The thing that is mind-blowing is that all of these great filmmakers talk about how this movie would have changed everything. Like with The Death of "Superman Lives", everyone is really convinced that a lot of terrible ideas would have made an extremely innovative movie. I tend to at least lean with Dune over Superman Lives. But I've seen Jodo's other movies. At least one of them. Probably two. I get him. I get what kind of movies he makes. The message that these filmmakers are saying is that no one was ready to absorb a movie like Dune. Are there movies ahead of their time? Sure. But it's been decades since Dune was tossed around to be a real film. It sounds absolutely insane. Would I have liked to see it based on what I saw in the documentary? Probably. But I also watch absolutely insane things almost just to say that I've seen them. Dune should be one of my favorite properties. With my tastes knee-deep in the science fiction genre, Dune is one of the granddaddies of genre storytelling. But there's nothing really there that grabs my attention. Am I super stoked about the new one? Yeah, kinda. Game recognize game in this case because I respect everyone who is involved in the film. But Jodorowsky's Dune would have been something completely different from any other version of this film or any version of the text. His Dune was meant to mess you up. The thing that grabs my attention is that book. The film shows us what Dune would have looked like because he storyboarded the living daylights out of that movie. Also, that movie would have been, like, fifteen hours long. I've watched a fifteen hour movie and it was pretty good. But this kind of leads me into what the real attitude of Jodorowsky's Dune would have been. I can't be the only one reading the subtext of the film, right? I feel like it is right there, just beneath the surface. I'm going to call it out.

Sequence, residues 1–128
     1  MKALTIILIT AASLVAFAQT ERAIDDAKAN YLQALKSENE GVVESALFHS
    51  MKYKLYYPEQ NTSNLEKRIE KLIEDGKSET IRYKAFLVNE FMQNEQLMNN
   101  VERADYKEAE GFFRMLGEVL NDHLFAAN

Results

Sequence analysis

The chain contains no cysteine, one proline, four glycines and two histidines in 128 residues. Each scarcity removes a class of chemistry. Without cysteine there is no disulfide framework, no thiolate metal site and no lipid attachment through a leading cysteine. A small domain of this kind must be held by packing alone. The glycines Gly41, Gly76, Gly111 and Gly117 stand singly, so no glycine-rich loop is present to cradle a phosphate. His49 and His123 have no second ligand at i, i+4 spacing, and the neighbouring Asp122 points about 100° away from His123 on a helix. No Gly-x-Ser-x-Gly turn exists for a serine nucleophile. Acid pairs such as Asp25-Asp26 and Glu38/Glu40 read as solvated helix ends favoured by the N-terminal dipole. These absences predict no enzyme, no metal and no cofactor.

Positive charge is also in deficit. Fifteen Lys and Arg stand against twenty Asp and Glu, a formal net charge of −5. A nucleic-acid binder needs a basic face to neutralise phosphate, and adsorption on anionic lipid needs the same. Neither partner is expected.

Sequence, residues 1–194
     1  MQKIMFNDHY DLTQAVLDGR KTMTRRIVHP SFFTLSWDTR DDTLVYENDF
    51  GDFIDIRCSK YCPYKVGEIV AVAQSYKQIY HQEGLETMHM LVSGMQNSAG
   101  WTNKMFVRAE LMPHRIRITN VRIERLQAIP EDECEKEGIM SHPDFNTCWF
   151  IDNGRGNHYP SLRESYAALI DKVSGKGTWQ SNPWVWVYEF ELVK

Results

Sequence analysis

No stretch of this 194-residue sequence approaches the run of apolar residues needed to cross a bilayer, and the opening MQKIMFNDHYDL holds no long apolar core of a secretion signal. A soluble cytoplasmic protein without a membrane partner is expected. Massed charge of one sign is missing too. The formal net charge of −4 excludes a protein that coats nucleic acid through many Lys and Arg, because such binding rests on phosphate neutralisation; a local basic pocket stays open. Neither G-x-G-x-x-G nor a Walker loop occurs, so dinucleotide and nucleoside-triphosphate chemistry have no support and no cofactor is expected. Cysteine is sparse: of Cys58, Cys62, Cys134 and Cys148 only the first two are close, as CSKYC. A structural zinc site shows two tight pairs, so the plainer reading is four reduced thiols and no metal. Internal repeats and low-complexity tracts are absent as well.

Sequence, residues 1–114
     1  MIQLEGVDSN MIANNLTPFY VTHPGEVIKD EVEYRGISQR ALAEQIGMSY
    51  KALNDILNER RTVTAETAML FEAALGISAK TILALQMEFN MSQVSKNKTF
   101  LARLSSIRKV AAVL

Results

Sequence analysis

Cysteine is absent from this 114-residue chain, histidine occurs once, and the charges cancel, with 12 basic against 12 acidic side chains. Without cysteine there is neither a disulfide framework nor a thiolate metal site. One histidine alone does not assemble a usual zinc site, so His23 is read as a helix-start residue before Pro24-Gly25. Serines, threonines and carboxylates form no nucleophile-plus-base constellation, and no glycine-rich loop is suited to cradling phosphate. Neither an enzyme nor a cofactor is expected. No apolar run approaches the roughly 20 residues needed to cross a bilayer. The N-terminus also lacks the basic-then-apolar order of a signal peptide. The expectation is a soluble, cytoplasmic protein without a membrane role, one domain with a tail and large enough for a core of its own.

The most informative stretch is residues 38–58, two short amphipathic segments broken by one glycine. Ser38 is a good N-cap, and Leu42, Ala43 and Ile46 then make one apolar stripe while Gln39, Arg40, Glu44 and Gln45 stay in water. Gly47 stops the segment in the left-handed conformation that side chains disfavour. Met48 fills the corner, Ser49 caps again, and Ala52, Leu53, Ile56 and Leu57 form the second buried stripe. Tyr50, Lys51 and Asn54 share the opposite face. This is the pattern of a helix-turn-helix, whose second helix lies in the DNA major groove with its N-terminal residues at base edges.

The reason that the film is unmade is that the film was meant to be unmade. I know. I'm really a cynic here. Jodorowsky and his team put a lot of work into that film. That's awesome, but it is also a big old hint that the movie wasn't supposed to be made. Look at how big that book is on Jodorowsky's shelf. He took that book from studio to studio, starting with the Walt Disney Company and we're supposed to believe that he expected to get it made? The documentary is an exercise to the extremest that Jodorowsky went to to get the most insane elements of a film and throw them into a pot of insanity. (I get it. That's bad writing.) He was offering things to people that no one in the world expected him to get. He offered Dali insane stuff left and right. Orson Welles, he offered to get him the head chef of his favorite restaurant to cater to his needs during the shoot. He had a book that would take forever to shoot with a budget that seemed impossible. I don't care what the movie said. That budget would have been insane. No theater would be able to run that film. This kind of leads me to the idea that the movie really wasn't meant to be made. Instead, it was kind of born to be this hidden and oppressed thing. It is the symbol of the establishment shutting down the artist from doing something truly marvelous. I'm going to be devil's advocate to prove my point. Imagine if Jodorowsky went to Disney and they actually paid to make this. The documentary stresses that every studio thought it was brilliant, which I kind of refuse to believe as well. Imagine, Disney pays for the whole thing and more. It takes up theaters. They can only show it once a day because the movie is so long. Middle America is not going to see the fifteen hour version of Dune. Also, I get that Star Wars has elements of Dune in it. That doesn't make it Star Wars. I'm really excited for the new version of Dune, but I don't think it is going to dominate the cinemas like an Avengers movie would. No, of course not. Instead, if the movie was made, it might, at best, make a couple of cinema books for being overlooked and ahead of its time. Instead, Jodorowsky has his cake and eats it too. It can always be the great unmade oppression. It can be a reminder that art always takes a backseat to dollar signs and Jodorowsky leads the martyr's life, a champion for the downtrodden filmmaker. Look at how bizarre the creation of this film was. Everything was done before it got greenlit. There's a way to get Jodorowsky's Dune made. It involves one tenth of the work that they did. It involves coming in with some promo art and a script. Maybe have a scene or two storyboarded. But that book is overwhelming as heck. How do you expect a room full of suits to be able to absorb all of that. Trust me, I'm the guy who does all of his work in the shock and awe method. I want people to be overwhelmed with how much effort I put into things. I mean, look at this blog. There is no reason that every single movie that I write about is massively long and complicated. But I'm not trying to sell it, am I? Instead, this is an exercise for me. That's what Dune was for Jodorowsky. It was an exercise in making the most insanely complicated thing ever and ride off on his high horse. That's fine. I actually really like that idea. But I think Jodorowsky is smarter than he's letting himself be filmed as.